22DIBROMO3NITRILOPRPIONAMIDE 282
22DIBROMO3NITRILPROPION AMIDE 9

 

The above table is a small portion of a much larger list of just one chemical and the associated unique counts of the term.  This particular compound is used as a biocide in frac water to make sure there are no clogging issues due to microorganisms when the well is put on production. and one of the correct spellings would be 2,2-Dibromo-3-nitrilopropionamide.   If you tried to find all of the various spellings of this compound, along with a sizable number of other compounds that will have similar lists, it would take you hundreds of hours of work to properly identify everything.  Also keep in mind that the database is updated monthly with new batches of wells from every hydrocarbon producing state. Mastering the data using Tamr will cut down the time needed by more than 90%.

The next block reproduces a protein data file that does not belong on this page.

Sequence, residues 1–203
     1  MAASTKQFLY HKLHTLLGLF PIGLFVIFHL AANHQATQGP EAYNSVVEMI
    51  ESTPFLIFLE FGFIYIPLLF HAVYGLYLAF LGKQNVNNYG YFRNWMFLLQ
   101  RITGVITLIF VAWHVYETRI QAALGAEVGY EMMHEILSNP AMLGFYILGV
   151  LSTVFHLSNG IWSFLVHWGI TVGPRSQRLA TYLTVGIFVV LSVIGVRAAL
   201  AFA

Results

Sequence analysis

The chemical, along with all other chemicals except water and proppant (primarily some form of sand), don’t make up a very large portion of a frac job – typically <1% by total fluid volume.  Though, a lot of companies and research groups care about this information because sometimes they find a little bit of something makes a big difference in the quality of a completion method.  Citric acid is a very small amount of some companies’ frac recipes, but some engineers claim that adding more of the acid to the fluid mixture has a beneficial effect on the well’s initial production.  The only way to know if this is true is to measure it. To get a statistically significant answer – without hundreds of hours of work – will require cleaning and joining data from a data source like FracFocus using Tamr.